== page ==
Even before No. 6 Clemson and No. 10 South Carolina kicked off on the final Saturday night of the regular season, both top-10 squads understood their place in the race for a BCS bowl bid.

Although it wasn’t pretty in its 31-17 defeat laden with six turnovers, Clemson (10-2) sits pretty in the eyes of the Orange Bowl, due to its lofty ranking and the ACC’s leader, No. 2 Florida State, primed for a flight to Pasadena for the BCS National Championship.

In 14 out of 15 years in the BCS era — and every year of the plus-one era — the Orange Bowl has invited an ACC team to south Florida for New Year’s week. After FSU and Clemson, the next highest ACC team in the BCS Standings is No. 24 Duke, which will play the Seminoles next week in the league title game.

That’s the only game standing in the Seminoles’ way to the national title matchup. Which, according to Don Slesnick, senior member of the Orange Bowl committee in attendance at Williams-Brice Stadium, would bode well for the Tigers.

“Assuming that FSU goes to the national championship, then certainly Clemson stands in a position to benefit from that,” Slesnick said. “We’re not bound to stick with the ACC; we can go elsewhere to replace FSU. But our tradition has always been to honor our partnerships.”

While Clemson could be primed for its second Orange Bowl in three years, South Carolina (10-2) might have an opportunity to go somewhere it’s never gone.

It might be a long-shot, especially since No. 4 Auburn toppled top-ranked Alabama in the Iron Bowl Saturday, but the Sugar Bowl wouldn’t mind a crack at head coach Steve Spurrier and defensive end Jadeveon Clowney.

“We haven’t had South Carolina before,” Sugar Bowl treasurer Chuck Lapeyre said Saturday night. “The Carolina significance is they would really travel well. And not just that, but they have a great team. Having Clowney be there, and the players they have, I think it would be great.”

Slesnick added “obviously” star power matters in determining invitations. However, the allure of Heisman contenders or famous players like Clowney and Clemson quarterback Tajh Boyd are outweighed by bowl-conference partnerships, final rankings, TV ratings and fan interest in traveling.

Starting strong

Both teams opened with vintage touchdown drives just to their own program’s liking.

South Carolina’s first possession: 17 plays, 80 yards, 8:13 off the clock. The longest touchdown drive the Gamecocks have produced this season in terms of total plays, capped by Connor Shaw’s 3-yard score.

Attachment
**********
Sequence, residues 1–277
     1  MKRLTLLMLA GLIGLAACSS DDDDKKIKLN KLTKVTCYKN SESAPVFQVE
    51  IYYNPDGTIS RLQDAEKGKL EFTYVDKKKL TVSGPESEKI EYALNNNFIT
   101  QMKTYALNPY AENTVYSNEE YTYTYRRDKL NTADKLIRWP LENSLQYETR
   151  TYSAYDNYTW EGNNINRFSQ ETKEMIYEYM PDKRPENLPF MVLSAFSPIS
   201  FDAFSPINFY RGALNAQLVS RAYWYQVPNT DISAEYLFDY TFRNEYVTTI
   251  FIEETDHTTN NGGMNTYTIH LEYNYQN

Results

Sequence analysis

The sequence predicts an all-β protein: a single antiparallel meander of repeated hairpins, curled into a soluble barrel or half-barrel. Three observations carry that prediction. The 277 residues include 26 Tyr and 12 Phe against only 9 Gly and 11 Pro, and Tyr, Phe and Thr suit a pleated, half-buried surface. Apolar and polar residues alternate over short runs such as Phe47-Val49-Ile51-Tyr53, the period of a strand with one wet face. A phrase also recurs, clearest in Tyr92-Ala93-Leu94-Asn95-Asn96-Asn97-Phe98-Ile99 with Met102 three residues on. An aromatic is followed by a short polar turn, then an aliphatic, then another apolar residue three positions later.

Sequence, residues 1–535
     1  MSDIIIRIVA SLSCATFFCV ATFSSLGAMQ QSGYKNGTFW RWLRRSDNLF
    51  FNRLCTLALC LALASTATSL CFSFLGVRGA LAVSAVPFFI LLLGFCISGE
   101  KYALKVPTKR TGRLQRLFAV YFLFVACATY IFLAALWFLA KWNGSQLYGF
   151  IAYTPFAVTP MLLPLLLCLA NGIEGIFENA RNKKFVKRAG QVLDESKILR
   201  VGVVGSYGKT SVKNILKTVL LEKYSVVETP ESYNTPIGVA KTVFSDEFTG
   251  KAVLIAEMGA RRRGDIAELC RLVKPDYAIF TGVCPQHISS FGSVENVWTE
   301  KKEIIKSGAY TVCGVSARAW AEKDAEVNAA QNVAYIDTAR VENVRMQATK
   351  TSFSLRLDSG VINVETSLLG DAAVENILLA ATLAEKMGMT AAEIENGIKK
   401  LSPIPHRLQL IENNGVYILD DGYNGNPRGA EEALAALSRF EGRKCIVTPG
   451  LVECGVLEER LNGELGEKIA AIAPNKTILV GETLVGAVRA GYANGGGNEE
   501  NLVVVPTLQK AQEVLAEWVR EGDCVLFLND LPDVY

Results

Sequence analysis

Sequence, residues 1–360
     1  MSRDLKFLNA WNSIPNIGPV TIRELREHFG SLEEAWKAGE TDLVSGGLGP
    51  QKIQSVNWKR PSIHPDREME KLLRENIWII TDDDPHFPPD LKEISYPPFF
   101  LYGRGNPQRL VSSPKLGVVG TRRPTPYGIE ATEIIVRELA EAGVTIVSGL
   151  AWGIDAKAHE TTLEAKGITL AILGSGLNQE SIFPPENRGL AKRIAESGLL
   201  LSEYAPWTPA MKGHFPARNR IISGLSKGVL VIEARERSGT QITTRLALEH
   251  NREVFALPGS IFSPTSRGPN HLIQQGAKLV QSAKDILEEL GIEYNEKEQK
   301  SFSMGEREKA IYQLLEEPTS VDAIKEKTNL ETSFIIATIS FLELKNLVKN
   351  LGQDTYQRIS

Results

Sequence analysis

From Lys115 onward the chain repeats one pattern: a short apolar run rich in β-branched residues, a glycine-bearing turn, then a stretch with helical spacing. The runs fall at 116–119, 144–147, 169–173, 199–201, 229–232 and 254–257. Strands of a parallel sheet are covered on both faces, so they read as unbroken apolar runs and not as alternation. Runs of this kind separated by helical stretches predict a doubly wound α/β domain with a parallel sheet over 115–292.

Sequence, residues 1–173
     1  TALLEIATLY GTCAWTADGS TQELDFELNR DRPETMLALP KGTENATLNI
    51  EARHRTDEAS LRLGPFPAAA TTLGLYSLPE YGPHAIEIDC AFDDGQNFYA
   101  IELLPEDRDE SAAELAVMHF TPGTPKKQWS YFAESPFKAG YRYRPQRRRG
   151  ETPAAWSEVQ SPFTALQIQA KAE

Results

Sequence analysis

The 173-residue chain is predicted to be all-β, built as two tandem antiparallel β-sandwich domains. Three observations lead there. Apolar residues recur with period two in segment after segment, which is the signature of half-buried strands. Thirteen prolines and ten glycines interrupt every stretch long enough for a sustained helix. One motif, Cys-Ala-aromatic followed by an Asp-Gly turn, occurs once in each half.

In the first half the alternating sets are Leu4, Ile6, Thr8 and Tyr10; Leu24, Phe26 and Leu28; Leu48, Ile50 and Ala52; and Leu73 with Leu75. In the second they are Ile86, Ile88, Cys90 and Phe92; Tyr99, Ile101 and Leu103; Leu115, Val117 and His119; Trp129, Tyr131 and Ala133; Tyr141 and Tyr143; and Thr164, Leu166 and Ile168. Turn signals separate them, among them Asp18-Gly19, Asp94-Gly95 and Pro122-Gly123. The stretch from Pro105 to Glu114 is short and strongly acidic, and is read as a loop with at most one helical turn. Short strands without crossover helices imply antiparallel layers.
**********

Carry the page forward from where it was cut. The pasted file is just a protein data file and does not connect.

Clemson’s second possession: 4 plays, 75 yards, 1:38 off the clock. Sammy Watkins had a juking 57-yard catch-and-run, setting up Boyd’s 8-yard run.

Ball control

The Tigers elected to receive, taking the first seven snaps of the game, and ended the first half on a 10-play drive resulting in Chandler Catanzaro’s 38-yard field goal at the horn.

Sandwiched between the half-opening and half-ending drives, South Carolina ran 45 of 55 snaps.

In fact, after his 8-yard scoring run, Boyd himself did not take the field for the next 20 minutes of real time. Clemson only got one first down, and a total of 21 yards, on its next two possessions.

Freak is back

Recognized in Senior Day festivities in what was likely his last home game, Clowney got his first sack since Sept. 14 and third of the year. Boyd scrambled right into Clowney’s grasp when Brandon Thomas couldn’t grab ahold of No. 7.

Hot Rod heats up

Running back was a major question mark for Clemson entering the 2013 season, after losing Andre Ellington to graduation.

A three-year reserve, Roderick McDowell has been a workhorse for the Tigers with injuries to all his backups. With 14 carries for 111 yards and a touchdown Saturday, McDowell has 956 yards on the ground with a bowl game to go.

McDowell, a fifth-year senior who was born with a club foot, became Clemson’s first 100-yard rusher against the Gamecocks since 2007, when James Davis had 122 yards in a 23-21 victory.

If McDowell can garner 44 yards in the Tigers’ bowl game, this would be the third straight year (all with Boyd at quarterback and Chad Morris at offensive coordinator) when Clemson produced a 1,000-yard rusher. Ellington had 1,178 and 1,081 yards the previous two seasons.


Gamecocks fans weren’t booing, they were cheering for Berkeley High School graduate Bruce Ellington.

The junior wide receiver had his third straight good game in the series: Ellington set up Elliott Fry’s 21-yard field goal in the second quarter with a 29-yard catch, and led the Gamecocks with four catches for 51 yards.

Ellington scored on a 49-yard pass play in the 2011 game (three catches for 71 yards) and had a career-best seven catches with two touchdowns in the 2012 win at Death Valley.

On the line

Having juggled its starting offensive line for much of the season, Clemson rolled out David Beasley at left guard and Isaiah Battle at right tackle.

D.J. Reader, also a member of Clemson’s baseball team, got the start at defensive tackle.

Local idol

Country music star and Charleston native Darius Rucker sang the national anthem before the game.

Rucker, who attended South Carolina in the mid-1980s, is a graduate of Middleton High School.